The final table of the 2018 World Series of Poker $10,000 buy-in main event kicked off today, and after nearly five hours of action the field has been narrowed to just six players left from the initial field of 7,874 entries in this event.
The runaway chip leader when play was halted a bit after 10:00 p.m. local time was Michael Dyer. The 32-year-old from Houston, Texas came into the day essentially tied for the chip lead with Nicolas Manion. Dyer established himself as the force to be reckoned with at the final table, and although he did not score any knockouts during the first session at the final table, he was able to chip up to 156,500,000 by the end of the night. Dyer will enter day two of the final table with just shy of 40 percent of the total chips in play, having more than double the chips of his nearest competitor in Manion (72,250,000).
Cada is the second shortest stack remaining, with only Aram Zobian bagging up fewer chips. The 23-year-old poker pro will have just shy of 17 big blind when play resumes.
The first elimination at the final table took place just 16 hands into the day. France’s Antoine Labat picked up KHeart SuitKDiamond Suit on the button and raised to 1,200,000. Labat was the shortest stack coming into the final table, having lost roughly 80 percent of his chips in the final hand of day 7 when he and 10th-place finisher Yueqi Zhu both got all-in with what else but pocket kings, only to run into the pocket aces of Nicolas Manion.
The second shortest stack at the table, Artem Metalidi, looked down at the QHeart SuitQClub Suit and moved all-in for 10,300,000. Labat made the call with again with his pocket kings, but this time was ahead going into the flop. The tables quickly turned when Metalidi hit a set on the ASpade SuitQDiamond Suit5Spade Suit flop. The turn was the 9Spade Suit and the river the ADiamond Suit, giving Metalidi a full house and sending Labat home in ninth place. He earned $1,000,000 for his deep run in this event.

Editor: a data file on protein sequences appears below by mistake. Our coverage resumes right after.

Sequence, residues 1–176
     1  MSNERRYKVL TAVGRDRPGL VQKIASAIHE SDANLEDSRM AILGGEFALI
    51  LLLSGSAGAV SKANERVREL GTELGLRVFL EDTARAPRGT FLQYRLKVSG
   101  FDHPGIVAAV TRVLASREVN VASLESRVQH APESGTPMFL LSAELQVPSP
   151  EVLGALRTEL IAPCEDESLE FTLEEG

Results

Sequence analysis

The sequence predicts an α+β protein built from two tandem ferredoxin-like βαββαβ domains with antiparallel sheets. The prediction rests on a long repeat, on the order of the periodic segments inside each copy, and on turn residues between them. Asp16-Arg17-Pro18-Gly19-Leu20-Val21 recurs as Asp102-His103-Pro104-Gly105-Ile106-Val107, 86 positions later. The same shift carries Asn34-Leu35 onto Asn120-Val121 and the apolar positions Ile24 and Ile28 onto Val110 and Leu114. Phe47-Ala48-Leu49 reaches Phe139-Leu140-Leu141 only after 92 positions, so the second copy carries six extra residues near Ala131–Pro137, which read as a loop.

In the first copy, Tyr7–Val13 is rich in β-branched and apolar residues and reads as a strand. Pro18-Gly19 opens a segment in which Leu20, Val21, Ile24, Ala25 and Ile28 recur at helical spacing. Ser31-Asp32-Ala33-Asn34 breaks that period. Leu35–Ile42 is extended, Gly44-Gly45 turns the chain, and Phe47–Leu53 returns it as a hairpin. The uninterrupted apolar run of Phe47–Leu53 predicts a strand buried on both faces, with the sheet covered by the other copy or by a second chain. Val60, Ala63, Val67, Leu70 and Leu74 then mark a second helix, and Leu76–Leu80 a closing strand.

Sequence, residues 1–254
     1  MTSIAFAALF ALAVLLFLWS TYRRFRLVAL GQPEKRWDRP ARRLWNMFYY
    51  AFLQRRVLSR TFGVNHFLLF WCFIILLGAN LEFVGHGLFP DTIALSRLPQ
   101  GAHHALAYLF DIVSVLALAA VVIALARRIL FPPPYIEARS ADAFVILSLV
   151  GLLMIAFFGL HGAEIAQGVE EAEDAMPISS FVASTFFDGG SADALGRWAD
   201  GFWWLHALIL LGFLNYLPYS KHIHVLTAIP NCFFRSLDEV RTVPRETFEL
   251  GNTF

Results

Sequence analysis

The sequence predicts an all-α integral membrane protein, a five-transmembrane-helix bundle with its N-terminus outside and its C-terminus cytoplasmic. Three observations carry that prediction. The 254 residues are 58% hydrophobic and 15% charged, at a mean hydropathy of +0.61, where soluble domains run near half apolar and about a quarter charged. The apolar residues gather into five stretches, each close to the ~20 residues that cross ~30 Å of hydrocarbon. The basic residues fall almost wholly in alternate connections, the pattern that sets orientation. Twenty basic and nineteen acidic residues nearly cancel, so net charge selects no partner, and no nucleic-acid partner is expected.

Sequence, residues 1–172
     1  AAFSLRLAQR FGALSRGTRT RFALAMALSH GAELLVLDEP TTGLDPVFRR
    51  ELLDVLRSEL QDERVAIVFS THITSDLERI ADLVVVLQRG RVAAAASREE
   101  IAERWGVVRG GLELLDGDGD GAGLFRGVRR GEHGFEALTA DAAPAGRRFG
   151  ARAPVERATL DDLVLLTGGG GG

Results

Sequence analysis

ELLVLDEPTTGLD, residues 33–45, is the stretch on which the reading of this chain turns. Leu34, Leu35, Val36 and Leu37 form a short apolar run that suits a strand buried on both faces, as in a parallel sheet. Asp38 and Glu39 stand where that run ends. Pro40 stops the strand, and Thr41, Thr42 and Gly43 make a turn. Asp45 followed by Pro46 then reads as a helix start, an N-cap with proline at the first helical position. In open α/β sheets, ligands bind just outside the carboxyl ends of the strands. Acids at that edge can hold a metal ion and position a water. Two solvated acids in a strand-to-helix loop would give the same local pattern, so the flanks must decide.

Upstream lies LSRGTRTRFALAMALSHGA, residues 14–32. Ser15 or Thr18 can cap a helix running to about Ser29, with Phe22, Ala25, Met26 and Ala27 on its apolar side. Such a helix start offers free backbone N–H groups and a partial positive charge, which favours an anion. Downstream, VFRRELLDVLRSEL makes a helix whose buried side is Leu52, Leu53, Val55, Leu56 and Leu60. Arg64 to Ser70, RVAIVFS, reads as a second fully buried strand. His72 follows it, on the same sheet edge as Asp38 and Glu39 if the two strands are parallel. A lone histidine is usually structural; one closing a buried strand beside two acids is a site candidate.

Metalidi might have been the one to send Labat packing, but he was still one of the shorter stacks at the final table. He lost a chunk of what he had just won to Cada, and a few orbits later got the last of his chips in with the 5Club Suit5Diamond Suit. Aram Zobian moved all-in with the KDiamond SuitQDiamond Suit and the rest of the competition folded.
The 6Diamond Suit5Heart Suit2Diamond Suit was an action flop, giving Metalidi a set of fives and Zobian a flush draw. The KClub Suit on the turn kept Metalidi ahead, but the 4Diamond Suit on the river complete Zobian’s flush draw. The 29-year-old Ukrainian poker pro was knocked out in eighth place, taking home $1,250,000 for his strong showing. Zobian chipped up to over 32 million after the hand, nearly twice what he came into the day with.
Just ten hands later the third and final elimination of the day took place. Australia’s Alex Lynskey had entered the day in fifth chip position, but he just could not seem to get anything going under the bright lights. In fact, he officially did not win a single hand in his time at the final table. In the end the 28-year-old poker pro from Brisbane moved all-in for just shy of 14.5 big blinds from the big blind facing a raise from Dyer in the cutoff and a call from 2016th WSOP main event 11th-place finisher John Cynn in the small blind. Dyer folded, but Cynn made the call with the KSpade SuitQSpade Suit and found himself in a coin flip situation against Lynskey’s 6Diamond Suit6Club Suit. The board ran out 10Club Suit9Club Suit3Spade Suit10Diamond SuitJClub Suit and Cynn rivered a straight to win the pot and knock out Lynskey in seventh place. With that Cynn further secured his hold on the third-place spot on the leaderboard, while Lynskey hit the rail in seventh place with $1,500,000.
Play continued six-handed until the completion of level 37 before the remaining players counted and bagged up their chips for the night. Action will resume at 5:30 p.m. Pacific, with the final six coming back to increased blinds of 500,000-1,000,000 with an ante of 150,000. Stay tuned to Card Player to find out which of the six remaining players will become poker’s newest world champion.
Here is a look at the chip counts of the final six players: